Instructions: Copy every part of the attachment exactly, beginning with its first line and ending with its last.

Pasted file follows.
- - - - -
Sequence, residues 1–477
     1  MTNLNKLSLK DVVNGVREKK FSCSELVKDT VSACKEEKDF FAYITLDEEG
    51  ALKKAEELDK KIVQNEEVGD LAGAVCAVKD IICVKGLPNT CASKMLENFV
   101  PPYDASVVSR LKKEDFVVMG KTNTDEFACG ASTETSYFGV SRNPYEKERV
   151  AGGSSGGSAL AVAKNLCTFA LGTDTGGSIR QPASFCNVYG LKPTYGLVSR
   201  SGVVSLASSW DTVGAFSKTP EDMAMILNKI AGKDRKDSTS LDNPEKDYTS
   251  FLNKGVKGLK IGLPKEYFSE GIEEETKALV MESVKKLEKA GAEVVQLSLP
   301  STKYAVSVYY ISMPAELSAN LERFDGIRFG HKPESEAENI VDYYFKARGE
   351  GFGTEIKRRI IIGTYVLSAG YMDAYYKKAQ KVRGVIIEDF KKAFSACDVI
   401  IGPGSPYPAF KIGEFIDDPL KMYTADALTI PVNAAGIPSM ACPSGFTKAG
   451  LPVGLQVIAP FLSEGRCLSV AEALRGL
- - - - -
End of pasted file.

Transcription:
Sequence, residues 1–477
     1  MTNLNKLSLK DVVNGVREKK FSCSELVKDT VSACKEEKDF FAYITLDEEG
    51  ALKKAEELDK KIVQNEEVGD LAGAVCAVKD IICVKGLPNT CASKMLENFV
   101  PPYDASVVSR LKKEDFVVMG KTNTDEFACG ASTETSYFGV SRNPYEKERV
   151  AGGSSGGSAL AVAKNLCTFA LGTDTGGSIR QPASFCNVYG LKPTYGLVSR
   201  SGVVSLASSW DTVGAFSKTP EDMAMILNKI AGKDRKDSTS LDNPEKDYTS
   251  FLNKGVKGLK IGLPKEYFSE GIEEETKALV MESVKKLEKA GAEVVQLSLP
   301  STKYAVSVYY ISMPAELSAN LERFDGIRFG HKPESEAENI VDYYFKARGE
   351  GFGTEIKRRI IIGTYVLSAG YMDAYYKKAQ KVRGVIIEDF KKAFSACDVI
   401  IGPGSPYPAF KIGEFIDDPL KMYTADALTI PVNAAGIPSM ACPSGFTKAG
   451  LPVGLQVIAP FLSEGRCLSV AEALRGL